On Dark Was the Night, the 2009 Dessner brothers-curated charity boxset, the New Pornographers covered “Hey, Snow White,” a song from Destroyer’s fifth album, This Night. This was kind of hilarious considering the fact that included among the New Pornos’ multitudinous ranks of impish Canadians is none other than Dan Bejar, for whom Destroyer is essentially a nom de plume. This being the case, someone who has never listened to Destroyer might assume that “Hey, Snow White” would be a natural cover choice, like the Beatles covering “Imagine” or something. After all, the three token Bejar songs on every New Pornos album, off-kilter as they may sometimes be compared to Carl Newman’s mechanistically well-crafted power pop nuggets, always fit in well enough, and yeah, Bejar’s got that weird-ass voice, but still—how much of a stretch could it be?

A big one, is the correct answer. Sure, there are plenty of Destroyer songs that could, and in fact have, conceivably worked with the New Pornos (Bejar originally released “Breakin’ the Law” and “Streets of Fire” under the Destroyer moniker before the New Pornos re-appropriated them). But not something from This Night, and certainly not “Hey, Snow White,” a towering, knotted epic of repetition and sloppiness. Making the New Pornos apply their sunny pop craft to it would be like asking the Doug Yule-era Velvet Underground to cover Metal Machine Music. Consummate tunesmiths that they are, Newman and crew, sans Bejar, made it their own, extracting a mannered yet winsomely regretful-sounding pop tune out of it. But it’s a pale shadow of the original. The New Pornographers are a generally loved band, but they’ve never had the audacity to pull off something as audaciously batshit as This Night.

Those who have come to be familiar with Bejar as a debonair club crooner through Destroyer’s recent hit albums, 2011’s Kaputt and 2015’s Poison Season, may be surprised to learn that Destroyer was once classified as “folk rock” and constantly compared to David Bowie. No, seriously. That was the climate in which This Night was released in 2002, two years after the New Pornographers’ debut Mass Romantic and one after the first Destroyer album, un-coincidentally, to generate real critical buzz, Streethawk: A Seduction. Streethawk is nearly as brilliant as This Night in its own way but doesn’t sound anything like its follow-up. Streethawk is tight, congenial and intimate while This Night is sprawling, unwieldy and dense. It’s certainly characteristic of Bejar to throw a wrench into his sound; he is an adept musical chameleon, and while all his work is tied together by his idiosyncratically byzantine, meta wordplay and that peculiar, reedy yelp of his, no two Destroyer albums sound alike. Some barely occupy the same genre. But This Night is still the only album Bejar has put out that completely defies any convenient or concise description. Your Blues is “the MIDI album,” for instance, and Kaputt is “the ‘80s dance album,” But just what the hell is This Night? Containing elements of a million different emotional and stylistic shades, from spiraling arena rock wanking to tender, vulnerable balladry to drunken chanting, the best way to describe it is “Neil Young & Crazy Horse for the criminally insane.” Or something like that.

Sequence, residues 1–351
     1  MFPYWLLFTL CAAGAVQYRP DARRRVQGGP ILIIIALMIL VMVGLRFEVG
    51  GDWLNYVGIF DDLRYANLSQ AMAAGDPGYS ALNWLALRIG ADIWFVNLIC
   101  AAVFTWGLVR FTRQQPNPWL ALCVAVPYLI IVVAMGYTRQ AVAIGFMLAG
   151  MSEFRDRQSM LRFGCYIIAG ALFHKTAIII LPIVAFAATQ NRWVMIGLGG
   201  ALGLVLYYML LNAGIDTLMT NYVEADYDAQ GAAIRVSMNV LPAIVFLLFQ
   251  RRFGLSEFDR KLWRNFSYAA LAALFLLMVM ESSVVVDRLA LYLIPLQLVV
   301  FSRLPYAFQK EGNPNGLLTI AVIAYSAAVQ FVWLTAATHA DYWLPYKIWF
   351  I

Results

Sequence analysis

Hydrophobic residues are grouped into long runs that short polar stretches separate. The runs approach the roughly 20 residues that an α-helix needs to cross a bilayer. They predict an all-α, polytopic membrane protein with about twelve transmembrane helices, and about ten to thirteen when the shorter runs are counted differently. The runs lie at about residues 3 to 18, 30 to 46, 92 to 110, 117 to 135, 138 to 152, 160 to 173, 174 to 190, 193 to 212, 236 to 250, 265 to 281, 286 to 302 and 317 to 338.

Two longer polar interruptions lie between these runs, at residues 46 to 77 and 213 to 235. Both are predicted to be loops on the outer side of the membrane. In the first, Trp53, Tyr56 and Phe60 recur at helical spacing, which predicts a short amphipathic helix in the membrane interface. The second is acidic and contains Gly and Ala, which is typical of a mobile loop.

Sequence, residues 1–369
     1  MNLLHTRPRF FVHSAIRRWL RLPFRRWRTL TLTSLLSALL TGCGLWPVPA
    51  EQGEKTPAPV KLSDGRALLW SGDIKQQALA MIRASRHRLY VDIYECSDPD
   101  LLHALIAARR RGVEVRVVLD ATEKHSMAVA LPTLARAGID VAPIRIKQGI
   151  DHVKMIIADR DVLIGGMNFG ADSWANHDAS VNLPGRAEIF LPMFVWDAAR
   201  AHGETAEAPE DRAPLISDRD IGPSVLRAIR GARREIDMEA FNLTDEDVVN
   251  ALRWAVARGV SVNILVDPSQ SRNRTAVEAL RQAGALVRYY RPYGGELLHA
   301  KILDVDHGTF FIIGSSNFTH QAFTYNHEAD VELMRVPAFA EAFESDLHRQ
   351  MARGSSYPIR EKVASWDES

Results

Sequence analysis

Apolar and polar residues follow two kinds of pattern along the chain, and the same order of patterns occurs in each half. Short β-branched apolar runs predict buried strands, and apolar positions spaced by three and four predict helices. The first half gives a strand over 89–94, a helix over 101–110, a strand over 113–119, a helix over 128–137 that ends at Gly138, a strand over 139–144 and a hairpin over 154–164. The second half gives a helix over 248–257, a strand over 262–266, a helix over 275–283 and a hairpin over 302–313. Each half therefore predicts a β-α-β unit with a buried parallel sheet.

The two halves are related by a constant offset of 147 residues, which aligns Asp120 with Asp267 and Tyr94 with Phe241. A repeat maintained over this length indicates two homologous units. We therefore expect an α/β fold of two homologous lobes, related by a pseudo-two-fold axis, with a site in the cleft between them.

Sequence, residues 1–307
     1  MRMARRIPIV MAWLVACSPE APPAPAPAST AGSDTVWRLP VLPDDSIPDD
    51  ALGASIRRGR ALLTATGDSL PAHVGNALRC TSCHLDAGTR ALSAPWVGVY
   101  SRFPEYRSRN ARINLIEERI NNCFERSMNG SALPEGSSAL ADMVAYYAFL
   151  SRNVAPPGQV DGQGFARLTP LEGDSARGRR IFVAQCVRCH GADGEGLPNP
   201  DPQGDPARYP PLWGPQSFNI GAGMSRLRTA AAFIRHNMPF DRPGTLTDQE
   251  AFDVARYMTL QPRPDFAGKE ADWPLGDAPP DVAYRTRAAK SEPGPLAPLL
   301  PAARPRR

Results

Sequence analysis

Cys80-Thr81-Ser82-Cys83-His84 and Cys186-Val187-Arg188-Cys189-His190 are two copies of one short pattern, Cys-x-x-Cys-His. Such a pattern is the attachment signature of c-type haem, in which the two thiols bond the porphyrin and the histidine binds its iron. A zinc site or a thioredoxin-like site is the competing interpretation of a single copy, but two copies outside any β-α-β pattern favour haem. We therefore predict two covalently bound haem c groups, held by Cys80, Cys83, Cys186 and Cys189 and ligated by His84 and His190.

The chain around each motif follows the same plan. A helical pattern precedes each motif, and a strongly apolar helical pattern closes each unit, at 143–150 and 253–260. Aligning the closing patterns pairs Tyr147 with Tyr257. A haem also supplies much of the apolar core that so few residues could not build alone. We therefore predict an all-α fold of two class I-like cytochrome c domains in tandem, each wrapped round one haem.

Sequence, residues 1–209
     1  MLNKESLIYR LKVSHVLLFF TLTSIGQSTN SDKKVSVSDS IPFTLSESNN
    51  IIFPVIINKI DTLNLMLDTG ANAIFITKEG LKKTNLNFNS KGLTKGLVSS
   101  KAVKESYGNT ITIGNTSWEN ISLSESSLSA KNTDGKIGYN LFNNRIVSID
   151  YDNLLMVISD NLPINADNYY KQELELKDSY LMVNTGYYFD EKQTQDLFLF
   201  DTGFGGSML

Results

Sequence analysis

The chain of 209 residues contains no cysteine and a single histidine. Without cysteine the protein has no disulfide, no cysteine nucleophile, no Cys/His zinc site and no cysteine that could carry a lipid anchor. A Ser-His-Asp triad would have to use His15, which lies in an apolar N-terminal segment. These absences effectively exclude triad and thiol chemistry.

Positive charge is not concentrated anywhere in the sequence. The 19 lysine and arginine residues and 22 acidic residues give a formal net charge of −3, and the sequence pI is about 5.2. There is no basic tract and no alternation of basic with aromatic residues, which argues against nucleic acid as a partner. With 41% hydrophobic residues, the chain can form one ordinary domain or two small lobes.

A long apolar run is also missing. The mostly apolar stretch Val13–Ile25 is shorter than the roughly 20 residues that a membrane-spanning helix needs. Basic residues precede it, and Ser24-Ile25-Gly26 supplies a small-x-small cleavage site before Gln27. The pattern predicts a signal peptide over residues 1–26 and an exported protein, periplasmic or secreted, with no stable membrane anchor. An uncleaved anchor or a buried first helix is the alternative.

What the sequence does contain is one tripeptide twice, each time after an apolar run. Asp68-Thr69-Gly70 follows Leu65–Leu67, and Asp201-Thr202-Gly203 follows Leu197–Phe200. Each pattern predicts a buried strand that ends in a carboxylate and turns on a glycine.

One musical element that does tie much of This Night together is the prominence of electric guitars. Prior Destroyer records were defined by Spartan arrangements and Bejar’s nylon string guitar strumming, and more recent albums have branched out from traditional rock instrumentation. This Night, however, is very much a guitar record, featuring lead guitarist Nic Bragg periodically launching into towering arena-ready riffs or tearing off spastic solos. Due to the sloppy-ass playing This Night is never going to land on anyone’s list of Most Technically Stunning Guitar Albums of All-Time, but the boldness with which Bragg and Bejar’s guitars are mixed indicates that This Night was intended to be considered, in its own strange way, part of a ballsy guitar rock tradition. The state of rock music is in fact a common lyrical theme throughout This Night; on “Makin’ Angels,” the album’s most arena rock-styled cut, Bejar sings: “Rock ‘n’ roll’s not through yet/ I’m sewing wings on this thing.”